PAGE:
Tag Archives: Fish and Wildlife

Featured: Yellowstone National Park

This month’s featured park is none other than Yellowstone National Park, a sprawling 2.2 million acres of natural geothermal bedspread based in the northwestern corner of Wyoming and certain parts of Idaho and Montana.

This vast ecological center is seated on top of the Yellowstone Caldera, a massive supervolcano stretching between 35–45 miles. Not to worry, though; the last recorded eruption was approximately 70,000 years ago, and our technology has since improved so that you’re highly unlikely to be caught in the fireworks so to speak.

Yellowstone

Yellowstone National Park is dazzling in the summer. [Image: http://www.hdwallpaperscool.com/]

While there are various debates on where the park attained its name, the two outstanding theories are that it may be named after the Yellowstone River from the Minnetaree Indian name Mi tse a-da-zi (Yellow Rock River). However, based on common lore, there is also the possibility that the name was derived from the yellow rock surrounding the area. French trappers came and called the river “Roche Jaune” (Yellow Rock) which, when later translated, was what stuck with travelers and led it to be referred to as “Yellowstone.”

Ferdinand V. Hayden primarily headed the expedition, discovery, and the park’s eventual designation as a protected natural area. It was a slippery discovery that lasted an approximate 30 years before it stepped past the label of myths and folklore. On March 1, 1872, President Ulysses S. Grant officially signed what was considered The Act of Dedication that protected the park’s area from settlement and occupancy. Since then, the park has been successfully conserved for almost two centuries and is the leading (and arguably most important) geothermal resource in the entire world.

If you’re planning to visit Yellowstone National Park this fall or coming winter, here are some activities and views that you can enjoy while at this wonderful, breathtaking area.

Geothermal Glory

Yellowstone is well known for its geothermal and hydrothermal system and its many geysers that can be found within the park. A study in 2011 estimated the park to have approximately 1,200 geysers with about 400 of them active annually. Impressively, the park is estimated to contain 10,000 geothermal features, meaning that 2/3 of the world’s geysers are concentrated in Yellowstone.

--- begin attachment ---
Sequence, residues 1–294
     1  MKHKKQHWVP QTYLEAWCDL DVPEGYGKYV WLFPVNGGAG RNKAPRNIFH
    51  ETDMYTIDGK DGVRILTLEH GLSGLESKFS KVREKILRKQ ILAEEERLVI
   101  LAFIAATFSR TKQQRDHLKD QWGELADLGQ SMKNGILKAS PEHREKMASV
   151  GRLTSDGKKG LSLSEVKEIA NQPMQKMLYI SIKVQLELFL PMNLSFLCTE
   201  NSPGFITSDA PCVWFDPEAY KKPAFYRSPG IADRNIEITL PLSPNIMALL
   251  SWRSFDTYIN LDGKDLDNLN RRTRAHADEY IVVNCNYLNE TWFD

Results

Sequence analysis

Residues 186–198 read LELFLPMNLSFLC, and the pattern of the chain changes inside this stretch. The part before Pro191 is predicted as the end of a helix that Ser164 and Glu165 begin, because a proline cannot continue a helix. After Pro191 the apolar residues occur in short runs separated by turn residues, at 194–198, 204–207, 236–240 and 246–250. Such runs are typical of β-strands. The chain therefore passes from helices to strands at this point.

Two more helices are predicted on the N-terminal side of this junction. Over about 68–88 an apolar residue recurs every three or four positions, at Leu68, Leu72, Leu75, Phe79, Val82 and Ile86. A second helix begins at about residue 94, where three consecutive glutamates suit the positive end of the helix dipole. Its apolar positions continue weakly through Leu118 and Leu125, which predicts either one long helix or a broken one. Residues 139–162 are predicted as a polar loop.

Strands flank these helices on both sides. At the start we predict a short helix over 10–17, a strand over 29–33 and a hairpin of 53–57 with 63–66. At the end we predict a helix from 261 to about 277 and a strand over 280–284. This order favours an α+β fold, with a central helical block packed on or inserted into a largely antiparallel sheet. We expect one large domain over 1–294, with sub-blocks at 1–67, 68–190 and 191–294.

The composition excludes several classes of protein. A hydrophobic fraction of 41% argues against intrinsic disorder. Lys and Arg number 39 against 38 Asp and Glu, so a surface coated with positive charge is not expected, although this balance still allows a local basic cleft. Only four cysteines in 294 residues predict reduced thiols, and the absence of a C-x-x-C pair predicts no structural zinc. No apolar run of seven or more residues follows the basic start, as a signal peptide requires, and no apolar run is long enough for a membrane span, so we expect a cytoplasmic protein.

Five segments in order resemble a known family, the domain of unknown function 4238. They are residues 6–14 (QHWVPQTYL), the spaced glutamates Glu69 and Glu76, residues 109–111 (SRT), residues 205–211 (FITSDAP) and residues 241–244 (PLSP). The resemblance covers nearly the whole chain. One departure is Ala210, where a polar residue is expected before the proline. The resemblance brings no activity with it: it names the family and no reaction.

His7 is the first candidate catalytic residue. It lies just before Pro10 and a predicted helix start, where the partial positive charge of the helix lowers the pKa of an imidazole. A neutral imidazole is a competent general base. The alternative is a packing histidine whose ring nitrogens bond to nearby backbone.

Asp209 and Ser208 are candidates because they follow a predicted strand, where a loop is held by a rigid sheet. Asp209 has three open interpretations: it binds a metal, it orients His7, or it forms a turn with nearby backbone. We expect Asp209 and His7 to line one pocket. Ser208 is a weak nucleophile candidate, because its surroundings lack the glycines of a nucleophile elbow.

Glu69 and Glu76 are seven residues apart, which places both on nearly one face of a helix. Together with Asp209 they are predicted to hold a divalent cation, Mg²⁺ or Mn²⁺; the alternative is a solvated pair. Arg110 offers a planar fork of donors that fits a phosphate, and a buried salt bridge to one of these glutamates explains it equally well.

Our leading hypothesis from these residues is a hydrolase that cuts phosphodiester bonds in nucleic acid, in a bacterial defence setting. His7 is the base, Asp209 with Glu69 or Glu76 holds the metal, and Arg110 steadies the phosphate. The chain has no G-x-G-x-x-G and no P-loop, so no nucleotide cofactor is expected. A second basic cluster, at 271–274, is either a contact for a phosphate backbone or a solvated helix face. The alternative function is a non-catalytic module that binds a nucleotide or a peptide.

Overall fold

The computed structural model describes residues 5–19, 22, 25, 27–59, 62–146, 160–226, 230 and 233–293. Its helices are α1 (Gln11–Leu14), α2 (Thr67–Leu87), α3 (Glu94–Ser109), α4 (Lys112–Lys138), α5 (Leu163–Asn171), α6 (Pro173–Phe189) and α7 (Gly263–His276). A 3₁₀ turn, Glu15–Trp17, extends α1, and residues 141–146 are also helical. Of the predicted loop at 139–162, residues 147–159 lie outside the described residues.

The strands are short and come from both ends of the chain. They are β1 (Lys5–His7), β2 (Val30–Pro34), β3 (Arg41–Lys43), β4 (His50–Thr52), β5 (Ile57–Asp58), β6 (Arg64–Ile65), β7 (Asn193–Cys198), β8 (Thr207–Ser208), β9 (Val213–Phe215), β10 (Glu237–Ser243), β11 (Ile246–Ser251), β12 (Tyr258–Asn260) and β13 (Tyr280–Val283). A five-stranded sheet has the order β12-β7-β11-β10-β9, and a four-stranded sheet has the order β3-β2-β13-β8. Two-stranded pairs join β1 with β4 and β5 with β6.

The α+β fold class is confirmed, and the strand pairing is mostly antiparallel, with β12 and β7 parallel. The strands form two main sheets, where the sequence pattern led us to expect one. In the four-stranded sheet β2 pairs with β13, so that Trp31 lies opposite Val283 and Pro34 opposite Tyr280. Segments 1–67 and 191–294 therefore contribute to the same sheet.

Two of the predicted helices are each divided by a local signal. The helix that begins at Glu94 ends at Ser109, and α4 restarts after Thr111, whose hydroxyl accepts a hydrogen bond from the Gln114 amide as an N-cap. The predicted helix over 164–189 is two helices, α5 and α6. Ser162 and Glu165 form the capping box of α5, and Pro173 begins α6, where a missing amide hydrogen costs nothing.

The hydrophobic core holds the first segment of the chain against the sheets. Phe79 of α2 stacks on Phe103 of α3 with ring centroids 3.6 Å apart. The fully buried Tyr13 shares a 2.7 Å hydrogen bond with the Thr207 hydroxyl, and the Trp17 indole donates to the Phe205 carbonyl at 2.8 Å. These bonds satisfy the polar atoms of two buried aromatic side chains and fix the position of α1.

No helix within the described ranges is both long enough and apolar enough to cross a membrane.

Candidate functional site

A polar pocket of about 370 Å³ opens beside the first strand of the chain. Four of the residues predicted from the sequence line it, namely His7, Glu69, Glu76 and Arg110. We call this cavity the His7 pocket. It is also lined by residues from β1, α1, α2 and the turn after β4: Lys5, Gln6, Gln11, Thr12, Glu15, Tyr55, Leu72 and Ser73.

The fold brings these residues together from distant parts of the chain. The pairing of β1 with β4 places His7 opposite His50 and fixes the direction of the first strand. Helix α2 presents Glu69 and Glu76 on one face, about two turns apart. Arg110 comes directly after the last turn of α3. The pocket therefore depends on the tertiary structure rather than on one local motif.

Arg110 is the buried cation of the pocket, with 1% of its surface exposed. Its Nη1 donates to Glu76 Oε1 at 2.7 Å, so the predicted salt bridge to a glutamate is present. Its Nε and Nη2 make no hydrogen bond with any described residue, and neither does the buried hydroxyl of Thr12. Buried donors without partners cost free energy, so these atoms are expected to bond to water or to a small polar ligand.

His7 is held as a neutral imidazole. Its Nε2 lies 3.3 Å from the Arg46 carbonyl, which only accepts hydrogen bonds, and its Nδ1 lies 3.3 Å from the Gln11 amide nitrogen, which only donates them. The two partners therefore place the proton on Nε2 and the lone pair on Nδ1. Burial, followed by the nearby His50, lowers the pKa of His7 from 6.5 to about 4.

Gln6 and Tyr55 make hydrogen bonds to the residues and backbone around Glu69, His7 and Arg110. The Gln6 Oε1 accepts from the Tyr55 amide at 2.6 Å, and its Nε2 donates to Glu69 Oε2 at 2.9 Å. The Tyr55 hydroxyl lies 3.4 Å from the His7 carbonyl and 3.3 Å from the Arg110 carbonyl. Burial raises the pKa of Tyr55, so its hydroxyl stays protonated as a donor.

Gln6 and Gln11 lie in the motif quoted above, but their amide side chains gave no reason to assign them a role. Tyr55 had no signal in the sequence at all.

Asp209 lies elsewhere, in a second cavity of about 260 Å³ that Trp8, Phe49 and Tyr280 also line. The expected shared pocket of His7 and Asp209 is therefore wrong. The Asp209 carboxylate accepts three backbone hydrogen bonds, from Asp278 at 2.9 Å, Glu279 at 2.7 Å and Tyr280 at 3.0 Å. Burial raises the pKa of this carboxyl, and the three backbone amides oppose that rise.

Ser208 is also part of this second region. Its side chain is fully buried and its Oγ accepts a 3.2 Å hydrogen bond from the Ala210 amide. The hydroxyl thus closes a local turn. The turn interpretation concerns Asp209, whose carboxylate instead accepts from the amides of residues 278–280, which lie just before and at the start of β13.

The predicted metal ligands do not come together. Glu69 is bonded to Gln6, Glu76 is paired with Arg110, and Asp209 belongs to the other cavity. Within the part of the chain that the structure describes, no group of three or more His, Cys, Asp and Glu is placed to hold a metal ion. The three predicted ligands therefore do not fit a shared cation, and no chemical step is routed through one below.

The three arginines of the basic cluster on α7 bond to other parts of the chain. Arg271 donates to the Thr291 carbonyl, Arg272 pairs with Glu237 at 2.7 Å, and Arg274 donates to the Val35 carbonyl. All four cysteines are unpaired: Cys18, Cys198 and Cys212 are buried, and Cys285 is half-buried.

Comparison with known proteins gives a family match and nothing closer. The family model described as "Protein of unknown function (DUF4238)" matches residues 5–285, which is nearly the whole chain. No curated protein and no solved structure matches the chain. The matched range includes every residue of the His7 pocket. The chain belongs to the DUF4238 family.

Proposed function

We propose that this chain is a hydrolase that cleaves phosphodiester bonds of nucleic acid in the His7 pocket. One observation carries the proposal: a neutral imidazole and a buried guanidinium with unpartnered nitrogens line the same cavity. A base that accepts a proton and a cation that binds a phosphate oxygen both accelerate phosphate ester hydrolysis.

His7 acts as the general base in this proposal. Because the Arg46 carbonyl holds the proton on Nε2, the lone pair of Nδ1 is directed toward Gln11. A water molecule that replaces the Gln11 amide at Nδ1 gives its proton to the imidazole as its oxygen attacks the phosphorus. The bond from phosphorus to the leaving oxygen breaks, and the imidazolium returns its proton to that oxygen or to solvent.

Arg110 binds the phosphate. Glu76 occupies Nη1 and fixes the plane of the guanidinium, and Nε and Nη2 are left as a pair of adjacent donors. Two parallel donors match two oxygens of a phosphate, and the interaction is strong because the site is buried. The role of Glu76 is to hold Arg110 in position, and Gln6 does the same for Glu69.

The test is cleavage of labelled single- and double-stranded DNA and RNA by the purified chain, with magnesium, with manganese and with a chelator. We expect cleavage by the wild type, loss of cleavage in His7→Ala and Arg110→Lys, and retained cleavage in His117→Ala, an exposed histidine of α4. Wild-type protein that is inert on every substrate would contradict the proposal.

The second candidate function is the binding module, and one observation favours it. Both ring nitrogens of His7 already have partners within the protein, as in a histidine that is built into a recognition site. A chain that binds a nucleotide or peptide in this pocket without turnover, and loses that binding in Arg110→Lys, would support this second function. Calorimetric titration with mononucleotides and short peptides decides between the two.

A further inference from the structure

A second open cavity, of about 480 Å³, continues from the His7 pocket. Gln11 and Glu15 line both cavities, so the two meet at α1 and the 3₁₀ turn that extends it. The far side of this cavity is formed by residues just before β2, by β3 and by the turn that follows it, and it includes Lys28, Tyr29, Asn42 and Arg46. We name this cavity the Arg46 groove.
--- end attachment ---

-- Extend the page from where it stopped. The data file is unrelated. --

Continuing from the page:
One of its most famous geysers is Old Faithful, which erupts at a rate of 45–120 minutes.

oldfaithful

Old Faithful erupting in the sunset. [Image: http://www.yellowstonenationalpark.org/]

Aside from Old Faithful, other famous geysers in the park include Castle Geyser, Lion Geyser, Beehive Geyser, and the Norris Geyser Basin. You can visit the park at any point throughout the fall and winter to witness these amazing spectacles.

Wildlife Viewing

Because the park’s ecosystem is one of the most primitive and well-preserved on Earth, it makes for a suitable environment to house a diverse population of wildlife. All across its mountains and acres of space, various mammals, reptiles, birds, amphibians, and fish can be found dwelling within this natural ecospace.

Among the mammals that can be found in Yellowstone are coyotes, wolves, the largest purebred bison herd in the Americas, and antelope. Bears are also commonly encountered in Yellowstone, so it is highly advised to read up on safety methods before visiting. Coming near or disturbing the animals is not advised, and visitors are recommended to stay at least 100 yards away from bears and wolves, and 25 yards away from any other mammals in Yellowstone.

Yellowstone wolves howling. [Image url: http://enchantedseashells.files.wordpress.com/2013/08/us-national-parks-yellowstone-wolf-quest-2-wolves.jpg?w=584&h=304]

Yellowstone wolves howling. [Image: http://enchantedseashells.files.wordpress.com/]

The park is also home to 311 species of birds, including bald eagles, ravens, and even whooping cranes (though the recorded sightings of those are rare). One can also spot harlequins, ducks, ospreys, and peregrine falcons.

Fishing is allowed in Yellowstone, and 18 species of fish can be found here, including lake trout, cutthroat trout, and mountain whitefish. Be sure to check the Rules & Regulations as well as the seasons and bag limits if you wish to go fishing in this reservoir.

Reptiles can be found within the park, including about six types of snakes such as the rubber boa, wandering garter snake, and the prairie rattlesnake. And additionally, amphibians can be found on the park grounds as well. Boreal chorus frogs, boreal toads, and blotched tiger salamanders are only three examples of what can be found within Yellowstone.

Early Winter in Yellowstone

Now that winter is coming, Yellowstone is probably the first park to trudge deep into the season. With its wonderfully arched slopes and miles upon miles of trails, Yellowstone is premium for winter adventuring. Tons of snow piles on top of the surroundings so that the whole scene is a gorgeous blanket of white surrounded by pine trees adorned in silver. It’s particularly beautiful when the setting or rising sun’s soft shades of red, purple, orange, and yellow hug the skies. These same colors illuminate the blanket of snow, truly making for a breathtaking sight.